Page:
N2 - Mineralogy, major element compositions of minerals, and elemental and oxygen isotopic compositions of the whole rock attest to a lunar origin of the meteorite Northwest Africa (NWA) 032, an unbrecciated basalt found in October 1999. The rock consists predominantly of olivine, pyroxene and chromite phenocrysts, set in a crystalline groundmass of feldspar, pyroxene, ilmenite, troilite and trace metal. Whole-rock shock veins comprise a minor, but ubiquitous portion of the rock. Undulatory to mosaic extinction in olivine and pyroxene phenocrysts and micro-faults in groundmass and phenocrysts also are attributed to shock. Several geochemical signatures taken together indicate unambiguously that NWA 032 originated from the Moon. The most diagnostic criteria include whole-rock oxygen isotopic composition and ratios of Fe/Mn in the whole rock, olivine, and pyroxene. A lunar origin is documented further by the presence of Fe-metal, troilite, and ilmenite; zoning to extremely Fe-rich compositions in pyroxene; the ferrous oxidation state of all Fe in pyroxene; and the rare earth element (REE) pattern with a well-defined negative europium anomaly. This rock is similar in major element chemistry to basalts from Apollo 12 and 15, but is enriched in light REE and has an unusually high Th/Sm ratio. Some Apollo 14 basalts yield a closer match to NWA 032 in REE patterns, but have higher concentrations of Al2O3. Ar-Ar step release results are complex, but yield a whole-rock age of ~2.8 Ga, suggesting that NWA 032 was extruded at 2.8 Ga or earlier. This rock may be the youngest sample of mare basalt collected to date. Noble gas concentrations combined with previously collected radionuclide data indicate that the meteorite exposure history is distinct from currently recognized lunar meteorites. In short, the geochemical and petrographic features of NWA 032 are not matched by Apollo or Luna samples, nor by previously identified lunar meteorites, indicating that it originates from a previously unsampled mare deposit. Detailed assessment of petrographic features, olivine zoning, and thermodynamic modelling indicate a relatively simple cooling and crystallization history for NWA 032. Chromite-spinel, olivine, and pyroxene crystallized as phenocrysts while the magma cooled no faster than 2 °C/h based on the polyhedral morphology of olivine. Comparison of olivine size with crystal growth rates and preserved Fe-Mg diffusion profiles in olivine phenocrysts suggest that olivine was immersed in the melt for no more than 40 days. Plumose textures in groundmass pyroxene, feldspar, and ilmenite, and Fe-rich rims on the phenocrysts formed during rapid cyrstallization (cooling rates ~20 to 60 °C/h) after eruption.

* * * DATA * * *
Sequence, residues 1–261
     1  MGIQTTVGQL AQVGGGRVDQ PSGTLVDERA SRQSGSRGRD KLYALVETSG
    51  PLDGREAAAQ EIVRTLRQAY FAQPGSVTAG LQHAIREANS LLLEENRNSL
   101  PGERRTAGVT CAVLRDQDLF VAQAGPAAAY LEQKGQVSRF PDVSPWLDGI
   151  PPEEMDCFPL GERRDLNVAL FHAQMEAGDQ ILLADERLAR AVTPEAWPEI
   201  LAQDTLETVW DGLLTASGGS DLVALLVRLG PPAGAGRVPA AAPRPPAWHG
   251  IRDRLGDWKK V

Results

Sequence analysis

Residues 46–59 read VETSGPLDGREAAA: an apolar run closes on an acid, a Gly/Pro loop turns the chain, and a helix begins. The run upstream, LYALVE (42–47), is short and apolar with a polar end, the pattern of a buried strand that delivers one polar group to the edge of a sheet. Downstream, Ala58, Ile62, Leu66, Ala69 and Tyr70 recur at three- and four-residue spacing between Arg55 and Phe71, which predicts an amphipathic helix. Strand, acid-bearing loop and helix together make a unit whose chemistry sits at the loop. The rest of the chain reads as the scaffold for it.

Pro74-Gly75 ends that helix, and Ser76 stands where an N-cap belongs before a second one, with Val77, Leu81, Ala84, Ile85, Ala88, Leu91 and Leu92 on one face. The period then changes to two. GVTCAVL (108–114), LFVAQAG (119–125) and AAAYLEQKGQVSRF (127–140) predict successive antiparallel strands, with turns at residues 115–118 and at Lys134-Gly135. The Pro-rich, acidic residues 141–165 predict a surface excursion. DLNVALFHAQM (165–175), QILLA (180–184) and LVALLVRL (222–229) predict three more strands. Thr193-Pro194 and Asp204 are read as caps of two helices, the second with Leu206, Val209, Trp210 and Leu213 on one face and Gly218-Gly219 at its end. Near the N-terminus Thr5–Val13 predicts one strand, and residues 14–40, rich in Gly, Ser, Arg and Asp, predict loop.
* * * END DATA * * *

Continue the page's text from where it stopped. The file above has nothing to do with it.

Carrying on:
AB - Mineralogy, major element compositions of minerals, and elemental and oxygen isotopic compositions of the whole rock attest to a lunar origin of the meteorite Northwest Africa (NWA) 032, an unbrecciated basalt found in October 1999. The rock consists predominantly of olivine, pyroxene and chromite phenocrysts, set in a crystalline groundmass of feldspar, pyroxene, ilmenite, troilite and trace metal. Whole-rock shock veins comprise a minor, but ubiquitous portion of the rock. Undulatory to mosaic extinction in olivine and pyroxene phenocrysts and micro-faults in groundmass and phenocrysts also are attributed to shock. Several geochemical signatures taken together indicate unambiguously that NWA 032 originated from the Moon. The most diagnostic criteria include whole-rock oxygen isotopic composition and ratios of Fe/Mn in the whole rock, olivine, and pyroxene. A lunar origin is documented further by the presence of Fe-metal, troilite, and ilmenite; zoning to extremely Fe-rich compositions in pyroxene; the ferrous oxidation state of all Fe in pyroxene; and the rare earth element (REE) pattern with a well-defined negative europium anomaly. This rock is similar in major element chemistry to basalts from Apollo 12 and 15, but is enriched in light REE and has an unusually high Th/Sm ratio. Some Apollo 14 basalts yield a closer match to NWA 032 in REE patterns, but have higher concentrations of Al2O3. Ar-Ar step release results are complex, but yield a whole-rock age of ~2.8 Ga, suggesting that NWA 032 was extruded at 2.8 Ga or earlier. This rock may be the youngest sample of mare basalt collected to date. Noble gas concentrations combined with previously collected radionuclide data indicate that the meteorite exposure history is distinct from currently recognized lunar meteorites. In short, the geochemical and petrographic features of NWA 032 are not matched by Apollo or Luna samples, nor by previously identified lunar meteorites, indicating that it originates from a previously unsampled mare deposit. Detailed assessment of petrographic features, olivine zoning, and thermodynamic modelling indicate a relatively simple cooling and crystallization history for NWA 032. Chromite-spinel, olivine, and pyroxene crystallized as phenocrysts while the magma cooled no faster than 2 °C/h based on the polyhedral morphology of olivine. Comparison of olivine size with crystal growth rates and preserved Fe-Mg diffusion profiles in olivine phenocrysts suggest that olivine was immersed in the melt for no more than 40 days. Plumose textures in groundmass pyroxene, feldspar, and ilmenite, and Fe-rich rims on the phenocrysts formed during rapid cyrstallization (cooling rates ~20 to 60 °C/h) after eruption.